- European Innovation Ecosystems (EIE): supports the creation of better-connected innovation ecosystems across Europe, at both national and regional levels.
- European Institute of Innovation & Technology (EIT): brings together business, education and research organisations.
- Widening Participation & Strengthening the European Research Area (ERA): composed of two initiatives:
- Widening participation and spreading excellence: aims to enhance research and innovation capabilities in countries that are currently falling behind according to the European Research Area policy goals.
- Reforming and enhancing the European R&I system: focuses on training researchers for successful R&I participation while prioritising networking, gender equality, ethics and integrity.
A look at carbon removal in Horizon Europe
Horizon Europe’s work programmes benefit a wide range of topics and technologies, especially in the six clusters of Pillar II. A close look at these programmes shows Horizon Europe has committed funding to CDR–related topics (directly and indirectly, including calls with a high potential for spillovers), with the majority being clustered in three areas ( 8 – Climate, Energy and Mobility; 9 – Food, Bioeconomy, Natural Resources, Agriculture and Environment; and 12 – Missions) in both the 2021-2022 and 2023-2024 work programmes.
The number of calls indirectly related to carbon removals found in both periods, – ranging from CCS and CO2 infrastructure projects to digital solutions and Monitoring, Reporting and Verification (MRV) – is higher than those with a direct link to CDR, such as blue carbon, carbon sequestration and BECCS projects. For context, the funding allocated directly to CDR projects amounted to about 1.1% of the total budget for 2021-2022 and 0.9% of the 2023-2024 total budget. Direct and indirect funding for CDR reached 2.6% of the total 2023-2024 budget, instead of the 1.78% for 2021-2022.
Research & Innovation actions (RIA) are dominant for the first period, while both RIA and Innovation Actions (IA) lead within the latest work programme, although RIA are slightly more present (65.73% of all projects) in direct CDR funding. RIA projects have 100% of costs covered by the EU and are directed to new knowledge and exploration of technologies. IA projects are covered until 70% of costs and focus more on prototyping, testing, piloting, and large-scale product validation, and marker replication.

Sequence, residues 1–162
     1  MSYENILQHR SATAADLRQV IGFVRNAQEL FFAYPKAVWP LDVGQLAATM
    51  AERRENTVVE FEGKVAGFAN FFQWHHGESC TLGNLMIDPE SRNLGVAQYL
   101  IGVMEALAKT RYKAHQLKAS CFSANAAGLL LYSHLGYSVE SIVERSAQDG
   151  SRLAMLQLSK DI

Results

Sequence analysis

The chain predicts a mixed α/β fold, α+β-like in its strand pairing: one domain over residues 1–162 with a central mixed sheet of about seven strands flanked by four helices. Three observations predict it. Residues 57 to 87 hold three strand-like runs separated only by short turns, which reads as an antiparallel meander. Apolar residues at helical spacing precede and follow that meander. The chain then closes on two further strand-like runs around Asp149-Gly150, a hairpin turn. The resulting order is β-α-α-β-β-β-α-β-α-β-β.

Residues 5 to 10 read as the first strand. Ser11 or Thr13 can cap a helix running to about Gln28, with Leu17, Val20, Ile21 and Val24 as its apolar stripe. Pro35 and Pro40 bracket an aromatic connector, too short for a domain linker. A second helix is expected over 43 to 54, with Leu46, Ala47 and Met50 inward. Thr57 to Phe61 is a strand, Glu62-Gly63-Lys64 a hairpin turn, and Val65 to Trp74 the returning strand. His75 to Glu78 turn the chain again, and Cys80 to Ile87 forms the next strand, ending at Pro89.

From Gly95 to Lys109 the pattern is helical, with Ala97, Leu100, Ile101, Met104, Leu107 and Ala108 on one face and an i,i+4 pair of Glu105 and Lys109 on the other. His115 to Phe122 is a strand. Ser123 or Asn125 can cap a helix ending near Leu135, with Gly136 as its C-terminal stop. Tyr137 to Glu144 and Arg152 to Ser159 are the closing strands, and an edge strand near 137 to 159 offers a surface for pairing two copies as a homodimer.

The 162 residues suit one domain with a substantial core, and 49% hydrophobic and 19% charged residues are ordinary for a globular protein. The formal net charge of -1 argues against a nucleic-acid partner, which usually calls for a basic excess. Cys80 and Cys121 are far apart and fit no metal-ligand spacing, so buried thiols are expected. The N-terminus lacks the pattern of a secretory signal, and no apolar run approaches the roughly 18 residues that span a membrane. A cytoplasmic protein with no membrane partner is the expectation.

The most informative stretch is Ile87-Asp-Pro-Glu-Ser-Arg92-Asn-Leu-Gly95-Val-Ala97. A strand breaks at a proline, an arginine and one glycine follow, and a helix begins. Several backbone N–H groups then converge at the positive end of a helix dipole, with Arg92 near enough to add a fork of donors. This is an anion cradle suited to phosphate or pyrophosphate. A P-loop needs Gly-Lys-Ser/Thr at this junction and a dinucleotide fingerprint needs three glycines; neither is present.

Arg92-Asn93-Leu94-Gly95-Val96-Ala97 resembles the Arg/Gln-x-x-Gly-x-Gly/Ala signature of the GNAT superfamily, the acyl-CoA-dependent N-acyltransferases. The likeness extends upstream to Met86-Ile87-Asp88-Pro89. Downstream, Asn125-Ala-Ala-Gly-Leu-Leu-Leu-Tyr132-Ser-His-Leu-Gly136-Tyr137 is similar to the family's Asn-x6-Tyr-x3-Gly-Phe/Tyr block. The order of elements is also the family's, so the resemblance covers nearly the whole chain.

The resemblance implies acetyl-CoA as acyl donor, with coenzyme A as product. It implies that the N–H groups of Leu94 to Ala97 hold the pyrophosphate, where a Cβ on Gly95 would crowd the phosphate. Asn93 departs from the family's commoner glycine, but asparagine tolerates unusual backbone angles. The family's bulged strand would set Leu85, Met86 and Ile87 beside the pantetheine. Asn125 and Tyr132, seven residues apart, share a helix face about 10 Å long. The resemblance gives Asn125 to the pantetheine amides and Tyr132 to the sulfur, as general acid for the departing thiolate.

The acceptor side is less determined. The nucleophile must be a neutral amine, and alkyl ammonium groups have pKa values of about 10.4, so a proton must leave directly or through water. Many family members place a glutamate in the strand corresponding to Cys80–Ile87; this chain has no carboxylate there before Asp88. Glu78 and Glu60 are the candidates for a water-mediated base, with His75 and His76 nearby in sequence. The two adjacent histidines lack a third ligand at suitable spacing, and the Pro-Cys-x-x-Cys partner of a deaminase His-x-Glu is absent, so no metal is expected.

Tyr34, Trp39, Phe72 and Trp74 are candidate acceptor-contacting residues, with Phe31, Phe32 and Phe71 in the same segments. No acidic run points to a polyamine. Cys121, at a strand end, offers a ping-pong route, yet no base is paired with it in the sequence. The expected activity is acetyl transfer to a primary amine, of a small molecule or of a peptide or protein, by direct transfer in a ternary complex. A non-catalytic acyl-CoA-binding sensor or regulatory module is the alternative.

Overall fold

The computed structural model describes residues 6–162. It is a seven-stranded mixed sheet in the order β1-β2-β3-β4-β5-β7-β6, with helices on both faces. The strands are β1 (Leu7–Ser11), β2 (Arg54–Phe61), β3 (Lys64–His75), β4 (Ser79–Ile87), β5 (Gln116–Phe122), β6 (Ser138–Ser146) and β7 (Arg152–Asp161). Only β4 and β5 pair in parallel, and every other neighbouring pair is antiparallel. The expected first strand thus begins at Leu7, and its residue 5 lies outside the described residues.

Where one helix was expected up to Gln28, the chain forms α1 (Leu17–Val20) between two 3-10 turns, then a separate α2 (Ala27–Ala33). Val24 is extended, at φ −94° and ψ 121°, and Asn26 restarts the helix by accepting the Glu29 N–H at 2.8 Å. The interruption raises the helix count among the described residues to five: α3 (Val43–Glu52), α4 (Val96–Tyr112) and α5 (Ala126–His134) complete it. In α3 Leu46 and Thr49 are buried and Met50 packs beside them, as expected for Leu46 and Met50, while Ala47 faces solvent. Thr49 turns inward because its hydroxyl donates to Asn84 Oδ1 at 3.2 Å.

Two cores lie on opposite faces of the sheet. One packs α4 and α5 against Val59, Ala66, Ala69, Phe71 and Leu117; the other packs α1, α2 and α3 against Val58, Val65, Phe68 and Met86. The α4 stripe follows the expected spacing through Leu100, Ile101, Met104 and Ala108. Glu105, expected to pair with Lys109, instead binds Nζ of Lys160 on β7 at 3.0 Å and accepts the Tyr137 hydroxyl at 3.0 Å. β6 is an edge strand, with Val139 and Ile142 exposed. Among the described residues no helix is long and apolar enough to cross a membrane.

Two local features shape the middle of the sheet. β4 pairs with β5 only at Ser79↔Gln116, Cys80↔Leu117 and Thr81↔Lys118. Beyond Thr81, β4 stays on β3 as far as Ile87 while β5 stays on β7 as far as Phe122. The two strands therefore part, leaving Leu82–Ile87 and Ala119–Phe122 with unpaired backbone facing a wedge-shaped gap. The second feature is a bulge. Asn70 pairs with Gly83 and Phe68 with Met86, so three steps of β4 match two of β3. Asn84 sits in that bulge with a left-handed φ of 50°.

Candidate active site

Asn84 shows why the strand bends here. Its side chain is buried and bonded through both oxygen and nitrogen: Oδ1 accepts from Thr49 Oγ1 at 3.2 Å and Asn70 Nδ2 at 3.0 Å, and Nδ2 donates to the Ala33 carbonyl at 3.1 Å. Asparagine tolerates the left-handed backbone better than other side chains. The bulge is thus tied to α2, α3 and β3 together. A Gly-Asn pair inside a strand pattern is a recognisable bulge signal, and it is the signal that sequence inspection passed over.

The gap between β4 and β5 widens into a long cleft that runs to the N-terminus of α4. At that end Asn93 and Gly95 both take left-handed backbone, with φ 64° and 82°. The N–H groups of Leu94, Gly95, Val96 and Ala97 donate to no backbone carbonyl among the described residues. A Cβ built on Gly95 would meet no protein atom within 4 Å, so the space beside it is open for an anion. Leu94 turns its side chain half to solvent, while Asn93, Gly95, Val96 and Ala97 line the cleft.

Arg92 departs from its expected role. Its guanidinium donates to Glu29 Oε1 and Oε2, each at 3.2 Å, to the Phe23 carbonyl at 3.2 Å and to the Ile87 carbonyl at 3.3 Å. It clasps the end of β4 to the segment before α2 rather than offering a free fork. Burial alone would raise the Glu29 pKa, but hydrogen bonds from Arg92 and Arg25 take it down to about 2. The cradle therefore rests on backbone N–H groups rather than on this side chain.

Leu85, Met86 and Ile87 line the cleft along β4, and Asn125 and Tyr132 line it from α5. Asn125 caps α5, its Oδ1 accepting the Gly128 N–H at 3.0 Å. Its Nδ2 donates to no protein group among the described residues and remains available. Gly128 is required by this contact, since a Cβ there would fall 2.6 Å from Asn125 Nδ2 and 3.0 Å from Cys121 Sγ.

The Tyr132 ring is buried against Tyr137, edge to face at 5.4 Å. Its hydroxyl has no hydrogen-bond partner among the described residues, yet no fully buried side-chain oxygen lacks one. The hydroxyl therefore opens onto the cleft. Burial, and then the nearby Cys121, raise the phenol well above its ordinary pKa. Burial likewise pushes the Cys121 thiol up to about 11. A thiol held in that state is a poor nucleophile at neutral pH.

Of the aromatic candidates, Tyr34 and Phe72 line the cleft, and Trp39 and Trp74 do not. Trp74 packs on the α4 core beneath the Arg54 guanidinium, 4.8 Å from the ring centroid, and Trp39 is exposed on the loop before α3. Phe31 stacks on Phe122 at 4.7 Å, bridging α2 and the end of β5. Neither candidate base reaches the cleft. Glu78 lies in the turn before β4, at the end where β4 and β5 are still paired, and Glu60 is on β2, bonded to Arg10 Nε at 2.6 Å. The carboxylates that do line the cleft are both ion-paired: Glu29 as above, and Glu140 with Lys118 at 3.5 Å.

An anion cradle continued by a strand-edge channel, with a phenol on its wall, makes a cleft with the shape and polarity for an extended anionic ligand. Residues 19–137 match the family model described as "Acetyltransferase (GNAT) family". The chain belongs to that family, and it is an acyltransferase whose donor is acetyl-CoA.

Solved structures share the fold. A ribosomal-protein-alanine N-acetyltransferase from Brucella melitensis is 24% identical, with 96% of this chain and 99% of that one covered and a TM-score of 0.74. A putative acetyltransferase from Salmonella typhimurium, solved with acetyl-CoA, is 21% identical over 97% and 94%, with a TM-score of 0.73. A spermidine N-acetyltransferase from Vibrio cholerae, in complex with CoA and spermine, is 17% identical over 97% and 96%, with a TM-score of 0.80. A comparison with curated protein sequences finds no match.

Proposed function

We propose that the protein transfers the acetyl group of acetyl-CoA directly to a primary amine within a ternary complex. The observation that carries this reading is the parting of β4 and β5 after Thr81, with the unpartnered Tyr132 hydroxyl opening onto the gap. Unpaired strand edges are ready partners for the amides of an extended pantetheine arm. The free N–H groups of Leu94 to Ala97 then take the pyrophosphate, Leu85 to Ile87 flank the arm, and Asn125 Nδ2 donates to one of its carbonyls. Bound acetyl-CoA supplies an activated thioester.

Knowledge and targeted funding
A number of projects in Horizon Europe can provide simultaneous benefits to Carbon Capture and Storage (CCS), Carbon Capture and Utilisation (CCU), and Carbon Removal (CDR). While there are sometimes overlaps between these families of methods – for example, shared CO2 transport and storage infrastructure – CDR is a much broader field and a set of methods on its own. The main work programme for 2023-2024, especially in Cluster 6, features more explicit mentions of carbon removals in the expected outcomes or scopes of the topics. However, the calls do not solely focus on CDR in most cases and are more likely to produce spillover effects that benefit CDR, such as providing CO2 transport infrastructure.
It is a positive step that the Commission has progressively included mentions of CDR within Horizon’s work programmes. To ensure that Horizon Europe delivers the appropriate support for CDR solutions going forward, a more sophisticated approach must be introduced that differentiates between CCUS and CDR methods, providing dedicated funding for different types of CDR as part of a portfolio approach.
Means in line with targets
There is substantial support for different types of removals given CDR’s status as a nascent field. Despite this support, the amount currently allocated to research into carbon removals is not nearly enough to meet the needs for accelerated development and deployment of CDR in light of the EU climate goals and the ambition for the EU to take the lead in this space globally. To deliver on these goals, the EU must commit to a significantly expanded budget for carbon removal, in line with the goals set out for the Green Deal, such as 310 MtCO2e of removals from the LULUCF sector, 55% emissions reductions by 2030, and climate neutrality by 2050.
Diverse and precise support
Horizon Europe strategic plans guide the direction of the investments in research and innovation. Ahead of the next iteration, the Strategic Plan 2025-2027 analysis looks at changes in EU policy and how the global context has changed since the first Plan (2021-2024), to determine if adjustments in terms of priority, directions and actions need to be made for this period. The analysis states that significant research is needed to bring down the cost of nature-based and industrial removals, and further identifies areas where the current efforts need to be reinforced, for example:
- Sustainable economic models that incorporate ways to measure and incentivise the co-benefits of carbon removal;
- Addressing challenges in soil, water, nutrient and biodiversity through e.g, carbon removal;
- The removal potential of bio-based economies and bio-based value chains;